Seeking a Better Country Than Middle Earth

A Review of The Hobbit: An Unexpected Journey, Directed by Peter Jackson By PAUL D. MILLER  I previouslyblogged about the surprising darkness and pessimism in J.R.R. Tolkien’s book The Hobbit. That book is often mistakenly called a children’s book, and even though there is nothing childlike about its tales of genocidal war and cynical realpolitik, [Read More...]

Lord of the Rings: A Timeless Trilogy

Review of The Lord of the Rings Trilogy, Directed by Peter Jackson By PAUL D. MILLER It is hard to remember how firmly entrenched the conventional wisdom was that The Lord of the Rings was unfilmable. A disastrous animated attempt in 1978, stuffed full of 70’s cheese, covered just half the story. The film only [Read More...]

The Hopeless Innocence of Amelie

Review of Amélie, Directed by Jean-Pierre Jeunet By KENDRICK KUO I’ve known about Amélie (2001) for a long time, but only recently decided to sit down and watch it after a co-worker of mine said it was one of her favorite movies. This French film follows a woman named Amélie Poulain from her mother’s tragic [Read More...]

I’m Dreaming of a Selflessly Sacrificial Christmas

Review of White Christmas, Directed by Michael Curtiz By ALEXIS NEAL Once upon a time, Bob Wallace and Phil Davis were in the Army together. On Christmas Eve in 1944, Davis (an aspiring performer) saved the life of Wallace (an established Broadway star) and the rest, as they say, is history. After the war, the [Read More...]

Smug Seuss Cinema Sells Story Short

Review of The Lorax, Directed by Chris Renaud and Kyle Balda By PAUL D. MILLER I am torn by movies like The Lorax (2012). It is a nicely-animated, moderately-fun kid’s movie with a pro-environment message. It is also horribly preachy. Why does environmentalism seem stuck in a stance of permanent sanctimony? Sneed-ville is a walled [Read More...]

The Wave of Fascism and Redemption in the Church

Review of Die Welle (The Wave), Directed by Dennis Gansel By KENDRICK KUO Is a resurgence of fascism possible? Die Welle answers yes. This German film is based on a 1967 social experiment in a Californian high school that sought to recreate a fascist society in a world history class. “Die Welle” means “The Wave” [Read More...]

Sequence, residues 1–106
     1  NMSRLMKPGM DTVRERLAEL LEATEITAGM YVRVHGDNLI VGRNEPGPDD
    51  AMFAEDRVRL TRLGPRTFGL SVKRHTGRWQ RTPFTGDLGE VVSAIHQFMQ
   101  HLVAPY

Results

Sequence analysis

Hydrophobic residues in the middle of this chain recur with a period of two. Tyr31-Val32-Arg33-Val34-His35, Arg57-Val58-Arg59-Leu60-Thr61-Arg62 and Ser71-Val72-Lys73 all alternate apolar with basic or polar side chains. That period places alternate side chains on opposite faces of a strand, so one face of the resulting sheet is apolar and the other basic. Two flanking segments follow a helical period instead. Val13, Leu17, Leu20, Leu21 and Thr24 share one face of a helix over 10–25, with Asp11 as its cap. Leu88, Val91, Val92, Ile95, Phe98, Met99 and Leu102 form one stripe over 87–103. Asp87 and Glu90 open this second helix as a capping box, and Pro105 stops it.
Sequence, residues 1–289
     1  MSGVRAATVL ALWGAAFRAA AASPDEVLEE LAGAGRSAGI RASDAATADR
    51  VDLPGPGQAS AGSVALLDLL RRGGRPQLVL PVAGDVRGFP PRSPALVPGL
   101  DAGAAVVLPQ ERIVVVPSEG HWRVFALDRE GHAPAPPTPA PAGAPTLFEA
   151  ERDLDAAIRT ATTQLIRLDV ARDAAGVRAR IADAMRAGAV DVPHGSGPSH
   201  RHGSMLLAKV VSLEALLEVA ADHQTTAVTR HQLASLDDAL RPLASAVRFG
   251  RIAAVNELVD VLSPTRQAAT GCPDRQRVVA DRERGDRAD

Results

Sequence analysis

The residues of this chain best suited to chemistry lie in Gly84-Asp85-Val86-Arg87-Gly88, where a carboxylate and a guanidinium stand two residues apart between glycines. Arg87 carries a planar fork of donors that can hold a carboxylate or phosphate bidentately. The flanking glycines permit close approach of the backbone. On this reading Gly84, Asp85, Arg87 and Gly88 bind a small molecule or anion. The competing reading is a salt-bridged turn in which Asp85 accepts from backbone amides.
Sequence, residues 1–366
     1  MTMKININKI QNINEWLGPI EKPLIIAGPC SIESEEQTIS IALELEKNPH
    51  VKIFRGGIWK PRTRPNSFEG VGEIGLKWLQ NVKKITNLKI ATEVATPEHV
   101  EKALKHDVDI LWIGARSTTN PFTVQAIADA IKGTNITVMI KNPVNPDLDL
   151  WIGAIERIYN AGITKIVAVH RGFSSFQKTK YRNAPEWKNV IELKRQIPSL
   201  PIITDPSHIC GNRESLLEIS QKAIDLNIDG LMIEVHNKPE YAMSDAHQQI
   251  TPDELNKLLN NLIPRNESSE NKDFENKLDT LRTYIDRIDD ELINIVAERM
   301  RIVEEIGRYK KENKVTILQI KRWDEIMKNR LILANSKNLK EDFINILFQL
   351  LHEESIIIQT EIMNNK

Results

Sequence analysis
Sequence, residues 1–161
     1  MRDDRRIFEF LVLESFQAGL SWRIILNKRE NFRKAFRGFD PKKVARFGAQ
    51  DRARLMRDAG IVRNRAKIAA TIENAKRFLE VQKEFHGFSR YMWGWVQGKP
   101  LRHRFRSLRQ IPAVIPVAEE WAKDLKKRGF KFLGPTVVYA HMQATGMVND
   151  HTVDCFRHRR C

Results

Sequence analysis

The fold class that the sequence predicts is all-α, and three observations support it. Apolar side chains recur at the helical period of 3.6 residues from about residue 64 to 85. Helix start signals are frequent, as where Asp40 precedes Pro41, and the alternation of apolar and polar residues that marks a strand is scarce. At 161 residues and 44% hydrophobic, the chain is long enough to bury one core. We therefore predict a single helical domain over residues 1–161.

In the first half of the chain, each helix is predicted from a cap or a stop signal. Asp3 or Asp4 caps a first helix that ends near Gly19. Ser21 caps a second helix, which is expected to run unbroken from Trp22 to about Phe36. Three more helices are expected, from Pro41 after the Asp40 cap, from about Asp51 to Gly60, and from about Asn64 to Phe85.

Twilight: Sucking the Blood out of Sin

A Review of the Twilight franchise by Stephenie Meyer By JENNILEE MILLER I think the term typically used to describe someone like me is “Twi-Mom.” Yes: I am a mom who loves the Twilight franchise. Of course, I think the term originally referred to a mom who picked up her daughter’s glossy paperbacks with the [Read More...]

Hitchcock’s Analysis of Love and Murder

Review of Hitchcock, Directed by Sacha Gervasi By KENDRICK KUO  The opening scene of Hitchcock met with erupting laughter from the theater audience. Ed Gein—the inspiration for the novel Psycho—killed his brother with a shovel to the head in a most comedic way; after which the camera panned to Alfred Hitchcock (Anthony Hopkins) who speaks [Read More...]

Life of Pi’s Aesthetic as Theology

Review of Life of Pi, Directed by Ang Lee By KENDRICK KUO Life of Pi asks big questions but leaves audiences with few answers. This latest Ang Lee movie is an adaptation of the eponymous novel by Yann Martel, which already had a large readership before Lee announced the upcoming film release. Life of Pi [Read More...]

Mad as Hell

Review of Network, Directed by Sidney Lumet Reviewed by PAUL D. MILLER Before Glen Beck and Rush Limbaugh, before Keith Olbermann and Chris Mathews; there was Howard Beale. With astonishing prescience, Network (1976)—the story of an angry-man newscaster—prefigured almost all the tropes about media celebrities four years before CNN, twelve years before Limbaugh, twenty years [Read More...]


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